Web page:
The Students' Council consists of five sub-committees: the Administrative Executive Committee (EXCO), College Welfare, Public Relations, CCA, and Sales. Other, temporary committees may be set up to organise specific events.
Councillors are selected through a process of interviews, campaigning, college-wide elections, training sessions, and the June camp, which is held annually. The elects then receive their appointment on Council Investiture Day, marking the hand-over of duties from the senior council.
This biennial fundraiser is a funfair, where students and teachers set up booths for games or for the sale of food and memorabilia. Attractions include the haunted houses and the dunking station in which prominent members of the student body and the faculty participate. Alumni of the school tend to be the largest supporters of the event.
The Fun-O-Rama involves the entire school and its alumni (as well as the entire ACS family), and the funds it has generated over the years have helped the college build a sports complex, as well as giving the entire premises a facelift, including new extensions and buildings. Besides the primary aim of raising funds, Fun-O-Rama helps bond the classes as they embark on their fund-raising projects.
In 1989 the first physical expansion of the college was conducted, costing SGD 3.5 million. The project was proposed in 1986 and approved by the Ministry of Education three years later. The extension included a new four-storey Library Block to contain the Oldham Library on two levels, two lecture theatres and two micro-computer laboratories. A multi-purpose void deck was built under the extension, providing additional physical space for future events such as the Fun-O-Rama carnival. A brand new 8-lane 400m track and soccer field with floodlighting capacity was also included. This phase was completed in 1991.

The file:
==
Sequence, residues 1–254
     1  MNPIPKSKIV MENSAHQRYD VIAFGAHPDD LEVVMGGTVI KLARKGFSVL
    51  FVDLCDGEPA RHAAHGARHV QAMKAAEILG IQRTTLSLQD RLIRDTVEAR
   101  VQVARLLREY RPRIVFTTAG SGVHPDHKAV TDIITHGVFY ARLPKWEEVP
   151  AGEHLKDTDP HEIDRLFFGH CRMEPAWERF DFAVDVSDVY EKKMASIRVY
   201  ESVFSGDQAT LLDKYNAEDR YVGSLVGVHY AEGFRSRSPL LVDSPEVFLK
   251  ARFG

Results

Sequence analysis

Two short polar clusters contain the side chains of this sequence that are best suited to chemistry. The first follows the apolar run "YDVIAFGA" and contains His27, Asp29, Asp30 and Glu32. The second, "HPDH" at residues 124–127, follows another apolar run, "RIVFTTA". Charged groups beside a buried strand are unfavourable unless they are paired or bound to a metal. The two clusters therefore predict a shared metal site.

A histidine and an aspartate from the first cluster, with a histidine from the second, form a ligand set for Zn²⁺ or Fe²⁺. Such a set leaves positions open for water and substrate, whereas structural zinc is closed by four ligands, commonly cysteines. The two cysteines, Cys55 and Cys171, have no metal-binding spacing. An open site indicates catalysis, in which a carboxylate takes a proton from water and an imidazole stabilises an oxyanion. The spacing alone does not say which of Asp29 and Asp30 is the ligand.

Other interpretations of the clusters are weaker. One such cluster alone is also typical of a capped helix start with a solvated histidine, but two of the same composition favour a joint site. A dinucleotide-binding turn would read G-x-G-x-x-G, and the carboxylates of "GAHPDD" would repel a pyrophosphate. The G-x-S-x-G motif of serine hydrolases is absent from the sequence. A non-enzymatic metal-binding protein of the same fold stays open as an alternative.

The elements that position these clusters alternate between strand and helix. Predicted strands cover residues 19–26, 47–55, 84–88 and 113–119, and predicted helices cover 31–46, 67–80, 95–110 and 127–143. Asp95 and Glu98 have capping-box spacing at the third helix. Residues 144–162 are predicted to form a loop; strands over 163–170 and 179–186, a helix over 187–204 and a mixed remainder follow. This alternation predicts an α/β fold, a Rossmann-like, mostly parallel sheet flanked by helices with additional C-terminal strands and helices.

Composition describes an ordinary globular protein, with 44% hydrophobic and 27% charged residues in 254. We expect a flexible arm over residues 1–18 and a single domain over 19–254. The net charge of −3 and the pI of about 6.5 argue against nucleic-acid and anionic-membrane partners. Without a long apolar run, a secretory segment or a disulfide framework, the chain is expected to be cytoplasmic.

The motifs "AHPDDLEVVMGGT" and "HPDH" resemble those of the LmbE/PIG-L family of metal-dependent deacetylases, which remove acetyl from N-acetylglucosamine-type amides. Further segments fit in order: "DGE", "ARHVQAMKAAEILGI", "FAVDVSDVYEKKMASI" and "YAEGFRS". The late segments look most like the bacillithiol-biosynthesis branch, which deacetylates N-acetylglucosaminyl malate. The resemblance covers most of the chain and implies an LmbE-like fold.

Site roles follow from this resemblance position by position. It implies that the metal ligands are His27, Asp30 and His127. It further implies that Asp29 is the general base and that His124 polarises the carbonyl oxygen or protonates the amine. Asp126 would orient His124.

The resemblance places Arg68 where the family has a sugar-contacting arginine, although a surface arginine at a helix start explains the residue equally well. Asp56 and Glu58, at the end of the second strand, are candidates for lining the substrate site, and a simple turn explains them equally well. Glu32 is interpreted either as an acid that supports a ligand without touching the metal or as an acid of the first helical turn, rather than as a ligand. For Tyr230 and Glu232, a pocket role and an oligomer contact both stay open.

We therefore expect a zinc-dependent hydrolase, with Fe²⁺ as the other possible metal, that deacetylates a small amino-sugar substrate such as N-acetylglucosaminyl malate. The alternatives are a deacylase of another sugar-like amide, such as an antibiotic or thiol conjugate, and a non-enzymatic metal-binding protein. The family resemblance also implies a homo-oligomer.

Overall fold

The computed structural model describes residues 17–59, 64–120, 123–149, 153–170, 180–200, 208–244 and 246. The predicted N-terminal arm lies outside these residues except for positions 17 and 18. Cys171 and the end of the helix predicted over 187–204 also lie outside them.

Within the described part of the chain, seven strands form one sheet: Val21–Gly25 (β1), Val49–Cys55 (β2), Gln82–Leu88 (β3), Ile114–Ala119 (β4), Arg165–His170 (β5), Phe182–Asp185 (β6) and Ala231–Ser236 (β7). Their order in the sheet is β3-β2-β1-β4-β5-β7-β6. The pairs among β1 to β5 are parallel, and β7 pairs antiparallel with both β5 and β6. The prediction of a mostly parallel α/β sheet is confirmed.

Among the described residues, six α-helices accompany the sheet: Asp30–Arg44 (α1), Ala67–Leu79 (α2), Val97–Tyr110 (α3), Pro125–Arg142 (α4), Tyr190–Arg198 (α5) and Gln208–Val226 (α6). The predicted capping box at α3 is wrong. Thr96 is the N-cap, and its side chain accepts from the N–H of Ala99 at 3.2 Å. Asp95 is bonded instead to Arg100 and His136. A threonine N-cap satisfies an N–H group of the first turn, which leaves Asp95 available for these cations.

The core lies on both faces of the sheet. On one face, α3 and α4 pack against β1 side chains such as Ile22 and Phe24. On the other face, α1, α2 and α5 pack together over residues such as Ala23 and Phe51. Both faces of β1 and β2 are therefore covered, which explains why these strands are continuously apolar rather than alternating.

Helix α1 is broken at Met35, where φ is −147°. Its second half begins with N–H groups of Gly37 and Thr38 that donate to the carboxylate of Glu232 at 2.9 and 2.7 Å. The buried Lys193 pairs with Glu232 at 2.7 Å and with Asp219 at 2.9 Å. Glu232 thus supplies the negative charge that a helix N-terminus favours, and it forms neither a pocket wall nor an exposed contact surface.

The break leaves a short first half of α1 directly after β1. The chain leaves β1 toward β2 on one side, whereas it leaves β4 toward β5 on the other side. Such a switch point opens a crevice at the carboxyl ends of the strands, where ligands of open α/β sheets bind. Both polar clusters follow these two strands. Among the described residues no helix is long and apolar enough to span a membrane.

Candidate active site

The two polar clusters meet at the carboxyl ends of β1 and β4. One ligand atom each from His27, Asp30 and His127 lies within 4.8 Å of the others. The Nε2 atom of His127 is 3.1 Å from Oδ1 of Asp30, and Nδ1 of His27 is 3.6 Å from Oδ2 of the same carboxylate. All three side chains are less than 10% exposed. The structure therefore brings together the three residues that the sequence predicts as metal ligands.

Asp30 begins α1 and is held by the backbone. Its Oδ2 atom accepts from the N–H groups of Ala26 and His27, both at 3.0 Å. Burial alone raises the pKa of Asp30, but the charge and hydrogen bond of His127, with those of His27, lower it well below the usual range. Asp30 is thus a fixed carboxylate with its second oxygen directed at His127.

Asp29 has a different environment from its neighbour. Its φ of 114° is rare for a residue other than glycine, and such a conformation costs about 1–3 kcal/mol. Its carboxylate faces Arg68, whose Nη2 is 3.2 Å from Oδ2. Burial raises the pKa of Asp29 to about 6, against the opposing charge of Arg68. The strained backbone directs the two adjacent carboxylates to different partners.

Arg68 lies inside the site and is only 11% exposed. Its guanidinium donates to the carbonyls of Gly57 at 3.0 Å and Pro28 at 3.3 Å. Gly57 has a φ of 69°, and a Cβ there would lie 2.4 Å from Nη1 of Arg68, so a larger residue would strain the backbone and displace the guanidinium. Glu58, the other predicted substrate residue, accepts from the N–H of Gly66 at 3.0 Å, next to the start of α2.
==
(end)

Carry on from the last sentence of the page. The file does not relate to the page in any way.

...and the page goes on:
1 March 1992 on Founder's Day marked the start of construction for the ACJC Sports Complex. The Complex contains two swimming pools, a gymnasium, badminton courts and billiard facilities. A multi-purpose hall was also built in the complex, together with a lounge, dance studios, and a Heritage Room where trophies and memorabilia are showcased. The Complex also houses a cafe on the pool deck. Funds for this were raised through the Fun-O-Rama and other carnivals, to the tune of SGD 500,000.
After 20 years of housing ACJC's main lecture theatres, auditorium, staff room and classrooms, the main 7-storey building was in need of extensive renovation. There was also a need for the college to be in line with MOE's latest specifications, namely in the provision of IT-enabled facilities. In 1999, the College Upgrading Project was started at a total cost of SGD 21 million. The main block was refurbished and a 600-seat lecture theatre and viewing gallery built, with a concourse linking it to the lobby of the building. An Oldham Wing and covered walkways to all parts of the campus were built. This phase was completed by December 2002.
The Anglo-Chinese Junior College for Performing Arts is the centrepiece of the performing arts programmes at ACJC. Commissioned in May 2008, it hosts a fully equipped theatre, a black box, a dance studio and other places for the performing arts. The CPA is home to many of the College's musical and theatrical productions, and the facilities are also available for use by the community.
- Nathan Hartono: Singer
- Nat Ho: Actor
- Desmond Kuek: Former Chief of Defence Force
- Shawn Lee: Actor
- Hossan Leong: Actor
- Lui Tuck Yew: Ambassador to Japan
- James Lye: Former Actor
- Eunice Olsen: Actress
- Adrian Pang: Actor
- Ronnie Tay: Former Chief of Navy